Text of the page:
Speaker: Jerry Cisar
In his book Your Church is Too Safe, Mark Buchanan points out the difference between travelers and tourists. The root of the word travel is travail. It references the toil and labor, the difficulty, of being on a long journey. Tourists, on the other hand, are there for pleasure. The root of the word tourist is turn. Tourists don’t sojourn in a land not their own, they visit for enjoyment and turn around and go to the next stop or just go home.
Peter has identified the saints in Asia minor as sojourners and exiles (2:11), travelers who stay for a while in the foreign land but never become assimilated into it. In a world where people have a natural fear of strangers, we are called to remain strangers to this world. This must, of course, always inform how we treat the literal stranger or resident alien.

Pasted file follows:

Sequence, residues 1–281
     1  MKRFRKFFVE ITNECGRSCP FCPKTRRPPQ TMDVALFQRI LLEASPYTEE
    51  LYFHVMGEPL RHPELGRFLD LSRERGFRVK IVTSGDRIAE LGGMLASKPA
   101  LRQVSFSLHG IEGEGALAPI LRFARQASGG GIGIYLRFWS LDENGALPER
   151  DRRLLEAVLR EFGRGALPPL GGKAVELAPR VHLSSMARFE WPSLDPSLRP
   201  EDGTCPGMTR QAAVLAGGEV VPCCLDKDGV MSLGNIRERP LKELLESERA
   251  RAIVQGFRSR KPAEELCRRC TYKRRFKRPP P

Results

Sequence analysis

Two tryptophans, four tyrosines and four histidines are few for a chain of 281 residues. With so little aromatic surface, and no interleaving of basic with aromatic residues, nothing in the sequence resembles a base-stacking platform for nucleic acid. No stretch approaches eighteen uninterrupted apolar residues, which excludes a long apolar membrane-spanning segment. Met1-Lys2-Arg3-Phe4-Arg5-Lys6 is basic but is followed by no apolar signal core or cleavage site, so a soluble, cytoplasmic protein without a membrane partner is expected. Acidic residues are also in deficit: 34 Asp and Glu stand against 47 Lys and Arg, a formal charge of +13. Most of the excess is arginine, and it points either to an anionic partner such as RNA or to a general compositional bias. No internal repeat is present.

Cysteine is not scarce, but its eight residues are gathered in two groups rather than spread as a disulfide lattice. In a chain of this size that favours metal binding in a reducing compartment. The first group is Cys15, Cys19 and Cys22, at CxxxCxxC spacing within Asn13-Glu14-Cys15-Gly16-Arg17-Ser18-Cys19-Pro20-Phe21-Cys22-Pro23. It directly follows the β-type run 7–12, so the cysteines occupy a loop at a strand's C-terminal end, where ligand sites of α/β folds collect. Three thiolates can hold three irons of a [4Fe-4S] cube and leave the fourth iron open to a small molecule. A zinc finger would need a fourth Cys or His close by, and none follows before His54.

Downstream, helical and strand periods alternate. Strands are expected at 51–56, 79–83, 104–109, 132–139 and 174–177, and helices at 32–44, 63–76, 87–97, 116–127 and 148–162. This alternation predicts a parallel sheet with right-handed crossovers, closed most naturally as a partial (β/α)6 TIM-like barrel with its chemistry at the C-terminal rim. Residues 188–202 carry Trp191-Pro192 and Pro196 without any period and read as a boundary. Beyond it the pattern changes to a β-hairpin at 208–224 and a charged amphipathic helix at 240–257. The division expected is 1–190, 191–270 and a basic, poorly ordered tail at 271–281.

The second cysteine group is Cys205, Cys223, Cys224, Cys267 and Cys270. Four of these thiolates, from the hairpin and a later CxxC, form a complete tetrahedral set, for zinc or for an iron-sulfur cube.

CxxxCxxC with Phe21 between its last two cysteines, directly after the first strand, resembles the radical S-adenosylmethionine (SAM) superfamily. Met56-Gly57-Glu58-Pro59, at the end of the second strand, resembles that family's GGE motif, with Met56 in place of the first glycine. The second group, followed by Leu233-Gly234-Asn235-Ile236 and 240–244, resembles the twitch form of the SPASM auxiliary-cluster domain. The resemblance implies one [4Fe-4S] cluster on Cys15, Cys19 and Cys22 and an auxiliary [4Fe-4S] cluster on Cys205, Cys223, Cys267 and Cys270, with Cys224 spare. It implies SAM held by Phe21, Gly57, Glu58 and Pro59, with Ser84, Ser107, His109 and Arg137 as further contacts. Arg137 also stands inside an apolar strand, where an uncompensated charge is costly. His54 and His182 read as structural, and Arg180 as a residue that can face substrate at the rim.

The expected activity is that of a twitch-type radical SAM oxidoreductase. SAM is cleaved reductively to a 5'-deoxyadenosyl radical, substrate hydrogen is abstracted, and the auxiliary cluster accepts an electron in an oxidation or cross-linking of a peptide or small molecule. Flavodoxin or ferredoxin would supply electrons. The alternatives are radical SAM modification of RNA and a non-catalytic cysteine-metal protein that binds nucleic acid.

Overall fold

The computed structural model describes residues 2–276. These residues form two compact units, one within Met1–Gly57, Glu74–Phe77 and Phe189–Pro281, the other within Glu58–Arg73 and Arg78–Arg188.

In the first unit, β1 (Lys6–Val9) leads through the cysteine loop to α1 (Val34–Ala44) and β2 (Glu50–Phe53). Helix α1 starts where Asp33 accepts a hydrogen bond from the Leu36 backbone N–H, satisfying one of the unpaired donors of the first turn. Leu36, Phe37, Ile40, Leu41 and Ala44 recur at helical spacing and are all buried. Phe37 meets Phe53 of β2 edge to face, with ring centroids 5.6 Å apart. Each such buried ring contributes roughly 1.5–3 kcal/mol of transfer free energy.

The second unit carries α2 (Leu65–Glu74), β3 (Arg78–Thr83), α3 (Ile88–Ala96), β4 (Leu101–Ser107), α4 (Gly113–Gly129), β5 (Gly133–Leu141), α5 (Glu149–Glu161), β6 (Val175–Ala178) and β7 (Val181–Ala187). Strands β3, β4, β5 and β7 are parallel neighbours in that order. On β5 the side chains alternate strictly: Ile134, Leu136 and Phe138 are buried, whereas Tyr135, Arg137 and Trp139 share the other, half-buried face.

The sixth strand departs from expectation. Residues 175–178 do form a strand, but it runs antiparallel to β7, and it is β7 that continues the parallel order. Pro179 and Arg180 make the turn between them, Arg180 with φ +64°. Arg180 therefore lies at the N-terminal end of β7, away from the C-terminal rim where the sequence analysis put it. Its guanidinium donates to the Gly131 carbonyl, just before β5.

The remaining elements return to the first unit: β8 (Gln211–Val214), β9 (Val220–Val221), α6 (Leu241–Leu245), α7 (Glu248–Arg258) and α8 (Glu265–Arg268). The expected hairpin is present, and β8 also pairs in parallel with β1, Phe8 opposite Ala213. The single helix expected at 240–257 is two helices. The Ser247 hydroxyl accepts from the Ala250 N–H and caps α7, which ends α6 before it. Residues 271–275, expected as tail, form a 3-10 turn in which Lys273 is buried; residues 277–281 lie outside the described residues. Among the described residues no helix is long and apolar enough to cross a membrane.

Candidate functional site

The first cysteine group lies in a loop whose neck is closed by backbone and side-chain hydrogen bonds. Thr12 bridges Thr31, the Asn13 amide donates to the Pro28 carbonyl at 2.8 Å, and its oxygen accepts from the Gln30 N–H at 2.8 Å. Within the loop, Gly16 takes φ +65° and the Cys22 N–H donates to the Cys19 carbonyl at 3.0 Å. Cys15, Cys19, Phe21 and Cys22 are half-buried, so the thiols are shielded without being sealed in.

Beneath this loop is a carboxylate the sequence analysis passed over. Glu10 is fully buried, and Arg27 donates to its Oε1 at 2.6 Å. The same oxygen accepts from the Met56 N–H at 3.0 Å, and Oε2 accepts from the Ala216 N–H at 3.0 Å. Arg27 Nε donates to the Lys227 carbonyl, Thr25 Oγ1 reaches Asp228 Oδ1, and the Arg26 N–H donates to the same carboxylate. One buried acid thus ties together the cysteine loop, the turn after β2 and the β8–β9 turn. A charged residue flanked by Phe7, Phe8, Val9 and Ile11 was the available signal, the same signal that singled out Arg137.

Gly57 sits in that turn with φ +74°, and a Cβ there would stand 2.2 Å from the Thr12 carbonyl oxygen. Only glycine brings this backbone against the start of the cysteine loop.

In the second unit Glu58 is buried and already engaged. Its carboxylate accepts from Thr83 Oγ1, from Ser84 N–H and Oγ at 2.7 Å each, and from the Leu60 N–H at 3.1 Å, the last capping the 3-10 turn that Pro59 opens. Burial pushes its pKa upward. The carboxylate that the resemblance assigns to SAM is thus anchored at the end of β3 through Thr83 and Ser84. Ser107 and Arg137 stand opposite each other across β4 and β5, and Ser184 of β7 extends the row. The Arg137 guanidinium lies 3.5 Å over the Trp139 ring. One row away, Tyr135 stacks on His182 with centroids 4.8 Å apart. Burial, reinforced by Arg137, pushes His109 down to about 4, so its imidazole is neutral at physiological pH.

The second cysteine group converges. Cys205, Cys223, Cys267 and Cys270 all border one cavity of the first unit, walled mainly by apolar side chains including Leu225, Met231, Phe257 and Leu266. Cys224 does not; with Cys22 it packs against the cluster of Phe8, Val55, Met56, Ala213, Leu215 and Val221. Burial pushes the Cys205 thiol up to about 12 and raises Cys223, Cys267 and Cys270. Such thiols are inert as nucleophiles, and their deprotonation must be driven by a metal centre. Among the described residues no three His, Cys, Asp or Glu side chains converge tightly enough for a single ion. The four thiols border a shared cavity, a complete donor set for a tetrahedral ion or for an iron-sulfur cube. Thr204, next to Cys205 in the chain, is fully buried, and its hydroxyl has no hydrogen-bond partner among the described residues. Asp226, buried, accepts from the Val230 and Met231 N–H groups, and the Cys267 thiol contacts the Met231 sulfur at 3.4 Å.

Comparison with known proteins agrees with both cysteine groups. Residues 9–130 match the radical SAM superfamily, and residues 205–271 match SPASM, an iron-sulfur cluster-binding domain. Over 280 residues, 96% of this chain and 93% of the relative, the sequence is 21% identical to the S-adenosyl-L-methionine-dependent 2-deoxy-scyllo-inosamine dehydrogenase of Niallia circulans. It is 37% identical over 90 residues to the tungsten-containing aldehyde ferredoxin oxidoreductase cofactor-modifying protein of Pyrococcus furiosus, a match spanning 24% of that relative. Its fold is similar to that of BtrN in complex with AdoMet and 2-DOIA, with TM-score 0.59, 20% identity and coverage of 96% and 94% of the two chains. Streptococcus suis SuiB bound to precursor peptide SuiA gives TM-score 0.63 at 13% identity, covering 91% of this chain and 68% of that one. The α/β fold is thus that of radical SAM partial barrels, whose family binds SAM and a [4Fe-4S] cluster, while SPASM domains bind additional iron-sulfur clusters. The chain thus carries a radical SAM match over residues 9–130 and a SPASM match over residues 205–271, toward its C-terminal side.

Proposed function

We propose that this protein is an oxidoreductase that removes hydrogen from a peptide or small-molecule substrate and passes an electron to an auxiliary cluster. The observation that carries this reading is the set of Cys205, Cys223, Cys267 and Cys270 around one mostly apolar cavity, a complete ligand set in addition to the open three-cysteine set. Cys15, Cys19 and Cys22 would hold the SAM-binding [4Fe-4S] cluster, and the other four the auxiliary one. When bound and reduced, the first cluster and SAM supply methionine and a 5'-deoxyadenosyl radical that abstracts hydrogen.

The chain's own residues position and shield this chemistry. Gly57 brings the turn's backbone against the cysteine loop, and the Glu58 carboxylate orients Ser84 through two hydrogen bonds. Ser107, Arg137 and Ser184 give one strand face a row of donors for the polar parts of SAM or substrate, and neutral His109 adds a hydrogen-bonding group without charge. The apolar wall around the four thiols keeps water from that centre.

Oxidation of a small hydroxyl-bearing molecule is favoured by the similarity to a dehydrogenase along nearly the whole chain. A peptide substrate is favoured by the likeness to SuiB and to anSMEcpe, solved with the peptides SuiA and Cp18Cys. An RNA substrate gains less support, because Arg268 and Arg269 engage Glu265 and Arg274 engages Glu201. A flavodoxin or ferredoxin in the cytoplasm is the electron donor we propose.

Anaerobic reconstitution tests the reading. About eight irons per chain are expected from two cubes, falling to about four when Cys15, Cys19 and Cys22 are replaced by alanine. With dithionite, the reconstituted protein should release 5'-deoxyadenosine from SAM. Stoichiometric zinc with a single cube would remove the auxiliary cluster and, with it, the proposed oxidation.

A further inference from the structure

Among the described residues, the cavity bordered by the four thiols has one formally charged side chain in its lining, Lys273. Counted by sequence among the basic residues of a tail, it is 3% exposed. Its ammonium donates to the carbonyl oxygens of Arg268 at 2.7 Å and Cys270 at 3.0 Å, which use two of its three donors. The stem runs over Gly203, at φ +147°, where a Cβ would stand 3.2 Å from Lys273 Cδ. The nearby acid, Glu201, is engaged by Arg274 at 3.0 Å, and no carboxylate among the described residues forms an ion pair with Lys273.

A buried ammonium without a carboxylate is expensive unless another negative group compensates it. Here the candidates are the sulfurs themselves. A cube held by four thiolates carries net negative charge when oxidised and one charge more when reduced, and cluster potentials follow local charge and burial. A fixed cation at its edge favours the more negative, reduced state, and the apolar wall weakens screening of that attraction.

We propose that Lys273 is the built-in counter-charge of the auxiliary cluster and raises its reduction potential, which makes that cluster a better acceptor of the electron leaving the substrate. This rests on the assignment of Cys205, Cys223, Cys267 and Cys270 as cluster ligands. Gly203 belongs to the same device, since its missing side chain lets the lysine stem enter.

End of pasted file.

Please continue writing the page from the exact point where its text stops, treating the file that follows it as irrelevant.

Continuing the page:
There is a danger for the audience. The instructions which began in 2:11 addressing us as strangers and aliens, and end in 4:11 with “Amen” are given to a people who once “were not a people” but now are “the people of God” (2:10). How do a people who have spent their lives not being a people, live as the people of God – sojourners and pilgrims – without falling into their old patterns of doing life as “not a people”?